About Your Credit Score

Before deciding on what terms they will offer you a mortgage loan, lenders want to find out two things about you: your ability to repay the loan, and if you are willing to pay it back. To figure out your ability to pay back the loan, they assess your debt-to-income ratio. To assess how willing you are to repay, they use your credit score.

The most commonly used credit scores are FICO scores, which were developed by Fair Isaac & Company, Inc. Your FICO score ranges from 350 (very high risk) to 850 (low risk). You can find out more on FICO here.

Credit scores only assess the info in your credit profile. They don't consider income or personal characteristics. These scores were invented specifically for this reason. Credit scoring was developed to assess a borrower's willingness to pay without considering other irrelevant factors.

Your current debt load, past late payments, length of your credit history, and a few other factors are considered. Your score is calculated wtih positive and negative information in your credit report. Late payments will lower your score, but establishing or reestablishing a good track record of making payments on time will improve your score.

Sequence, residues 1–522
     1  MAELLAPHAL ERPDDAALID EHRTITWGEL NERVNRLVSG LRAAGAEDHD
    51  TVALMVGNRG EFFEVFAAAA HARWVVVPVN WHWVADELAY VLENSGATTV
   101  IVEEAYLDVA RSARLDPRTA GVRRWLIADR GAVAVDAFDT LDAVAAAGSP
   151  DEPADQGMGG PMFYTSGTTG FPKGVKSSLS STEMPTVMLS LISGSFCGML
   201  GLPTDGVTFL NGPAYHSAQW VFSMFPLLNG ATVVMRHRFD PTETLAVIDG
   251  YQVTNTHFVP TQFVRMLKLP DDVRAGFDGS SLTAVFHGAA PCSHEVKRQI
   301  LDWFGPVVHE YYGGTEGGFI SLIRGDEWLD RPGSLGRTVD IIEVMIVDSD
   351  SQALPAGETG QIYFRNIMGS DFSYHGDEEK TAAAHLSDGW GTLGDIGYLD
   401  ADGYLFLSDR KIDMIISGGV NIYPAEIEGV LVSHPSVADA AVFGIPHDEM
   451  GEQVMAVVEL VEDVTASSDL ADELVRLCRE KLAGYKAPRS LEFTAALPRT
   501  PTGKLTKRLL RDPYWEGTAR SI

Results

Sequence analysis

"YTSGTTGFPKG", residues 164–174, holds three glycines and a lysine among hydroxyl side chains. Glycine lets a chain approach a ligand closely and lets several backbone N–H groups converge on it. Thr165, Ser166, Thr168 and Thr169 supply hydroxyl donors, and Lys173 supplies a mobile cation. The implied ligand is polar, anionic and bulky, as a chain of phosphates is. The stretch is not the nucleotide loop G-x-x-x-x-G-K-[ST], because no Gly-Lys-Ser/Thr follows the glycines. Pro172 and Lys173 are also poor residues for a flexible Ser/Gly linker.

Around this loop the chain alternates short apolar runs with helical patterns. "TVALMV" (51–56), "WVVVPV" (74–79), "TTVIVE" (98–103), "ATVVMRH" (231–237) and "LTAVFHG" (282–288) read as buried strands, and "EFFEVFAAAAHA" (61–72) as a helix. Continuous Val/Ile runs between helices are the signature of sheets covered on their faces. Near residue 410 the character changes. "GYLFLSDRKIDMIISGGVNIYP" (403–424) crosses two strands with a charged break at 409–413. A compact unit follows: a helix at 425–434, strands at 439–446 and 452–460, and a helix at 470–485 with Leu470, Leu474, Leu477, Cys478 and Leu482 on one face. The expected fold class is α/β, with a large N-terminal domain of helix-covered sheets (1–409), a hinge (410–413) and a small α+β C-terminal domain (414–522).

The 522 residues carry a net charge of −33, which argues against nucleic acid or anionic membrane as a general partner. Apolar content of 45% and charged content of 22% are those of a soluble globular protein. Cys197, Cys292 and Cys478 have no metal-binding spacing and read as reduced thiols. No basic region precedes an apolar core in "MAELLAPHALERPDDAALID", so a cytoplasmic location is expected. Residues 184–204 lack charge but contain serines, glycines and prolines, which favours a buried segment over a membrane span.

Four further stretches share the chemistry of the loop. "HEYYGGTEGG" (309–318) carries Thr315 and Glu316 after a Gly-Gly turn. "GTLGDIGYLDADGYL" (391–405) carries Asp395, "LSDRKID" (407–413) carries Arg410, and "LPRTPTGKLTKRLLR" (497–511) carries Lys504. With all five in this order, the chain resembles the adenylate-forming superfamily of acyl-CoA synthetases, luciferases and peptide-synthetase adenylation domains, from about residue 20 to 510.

Your report must have at least one account which has been open for six months or more, and at least one account that has been updated in the past six months for you to get a credit score. This history ensures that there is sufficient information in your credit to generate an accurate score. Should you not meet the criteria for getting a score, you might need to work on your credit history prior to applying for a mortgage loan.

At U.S.A. Lending, Inc., we answer questions about Credit reports every day. Give us a call: 305-967-7200.




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